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Social Customer Service

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Digital Marketing - Study Notes:

Social media as a customer service channel

Amazon has done exceptionally well when it comes to customer service. Jeff Bezos, founder of Amazon, has said: “We see our customers as invited guests to a party, and we are the hosts. It’s our job every day to make every important aspect of the customer experience a little bit better.”

He’s saying that effectively he’s inviting his customers to a party, and he’s trying to throw a party as part of his service, as part of the value that he’s delivering to his customers. That’s a really interesting mindset shift that is probably one of the sort of fundamental reasons behind Amazon’s success.

Obviously, Amazon have amazing systems in place. They have an amazing platform. They do very well on their pricing. They’re tough bargainers and they manage to get very good prices for their customers. That’s all part of their strategy. But at the end of the day, those things are aspects of a business that can be quite easily replicated. What they’ve been able to do is add a service layer on top of that, that makes Amazon a preferred place for people to go.

Outstanding social customer service involves:

  • Making service a priority
  • Being accessible to customers
  • Consistently following up with customers
  • Using a range of social tools

Social channels leveraged for customer service

In the US, the UK, and a lot of the western world, Facebook, Twitter, and LinkedIn are commonly leveraged for customer service. Facebook, in particular, has been at the forefront of this. They have been investing quite heavily in getting companies to use Facebook as a platform for engaging with customers. They’ve realized the value for customers in being able to engage directly with a company. And companies see the value too, because it puts a human face on the business.

It’s not just Facebook, LinkedIn, and Twitter: there are different players in different markets. For example, Qzone, WeChat, and Ren Ren in China; and Vkontakte and Odnoklassniki in Russia.


Companies face challenges with social media customer service, including:

  • Risk of rapid amplification of dissatisfaction. You’ve probably seen on the internet, Facebook, or Twitter, where someone’s had a bad experience in general with a company and it goes viral. There was a really famous case in the U.S. with United Airlines, where a man looked out the window and saw some baggage handlers throwing his guitar across the tarmac. He made a funny video about it, which was very well made, and it went viral. That obviously posed a huge challenge for United Airlines because now, there were millions of people looking at this video effectively making fun of them.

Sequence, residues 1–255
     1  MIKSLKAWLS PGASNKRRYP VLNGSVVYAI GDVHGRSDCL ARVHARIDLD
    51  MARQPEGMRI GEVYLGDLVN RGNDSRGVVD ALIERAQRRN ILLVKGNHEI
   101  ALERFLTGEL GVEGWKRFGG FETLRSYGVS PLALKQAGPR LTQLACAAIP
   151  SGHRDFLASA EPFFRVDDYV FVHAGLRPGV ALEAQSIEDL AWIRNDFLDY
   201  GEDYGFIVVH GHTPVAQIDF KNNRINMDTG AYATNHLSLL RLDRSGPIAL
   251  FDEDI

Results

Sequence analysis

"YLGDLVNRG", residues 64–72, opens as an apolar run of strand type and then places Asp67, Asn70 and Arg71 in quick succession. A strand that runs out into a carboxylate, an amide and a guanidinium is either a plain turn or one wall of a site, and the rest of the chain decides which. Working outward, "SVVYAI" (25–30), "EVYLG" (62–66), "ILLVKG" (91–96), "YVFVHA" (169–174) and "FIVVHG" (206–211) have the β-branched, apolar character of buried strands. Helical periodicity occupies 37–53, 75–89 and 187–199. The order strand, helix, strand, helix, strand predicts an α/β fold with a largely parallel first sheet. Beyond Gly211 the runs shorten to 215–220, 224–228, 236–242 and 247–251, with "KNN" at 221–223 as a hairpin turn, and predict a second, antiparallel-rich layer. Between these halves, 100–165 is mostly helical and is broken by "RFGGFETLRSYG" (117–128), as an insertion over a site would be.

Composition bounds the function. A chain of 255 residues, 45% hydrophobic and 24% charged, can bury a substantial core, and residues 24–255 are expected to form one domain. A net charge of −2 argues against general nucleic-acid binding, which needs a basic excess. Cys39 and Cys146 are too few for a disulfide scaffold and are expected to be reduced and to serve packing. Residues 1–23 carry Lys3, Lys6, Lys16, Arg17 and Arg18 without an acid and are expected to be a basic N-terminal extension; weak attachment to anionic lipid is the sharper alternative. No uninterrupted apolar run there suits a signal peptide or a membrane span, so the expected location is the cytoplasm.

• Customer control over pace of conversation. This is something that you essentially relinquish when you start using social media as a way of delivering customer service. It is the customer who determines when, where, and how they want to interact with you.
  • High expectations for in-the-moment resolution. People have high expectations when they are engaging in a customer service interaction. They expect the company to respond within a few minutes of them posting an issue.
  • Expectation for exceptional service. Customers expect the company to go over and above to satisfy their needs and resolve their complaints.

Models of ownership

There are three models for how your company could own customer service within the business:

  • Marketing-owned. This has occurred as social media has been seen as a marketing activity – despite recognizing that it’s also a tool for customer service, many organizations still keep this function in the marketing department.
  • Contact-center-owned. Some organizations have moved this aspect of service into a contact center where, traditionally, the customer complaints team was based.
  • Co-owned. Some companies adopt a hybrid approach instead, where marketing and the contact center work together to solve problems quickly.
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Christian Polman

Christian Polman is a General Manager at Eone, Europe. He has driven digital marketing strategy through analytics and research to solve strategic and operating challenges and develop business plans for Fortune 100 brands.

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    Social Customer Service
    Christian Polman
    Skills Expert

    This module introduces the concept of social customer service and highlights the social channels that are most often leveraged for this activity. It provides you with best practices you can follow to create and implement a robust social customer service strategy – and to manage it effectively. It also provides best practices for measuring customer satisfaction with the social customer service they receive, and for training social customer service agents. Finally, you learn how to build, grow, and maintain online support communities.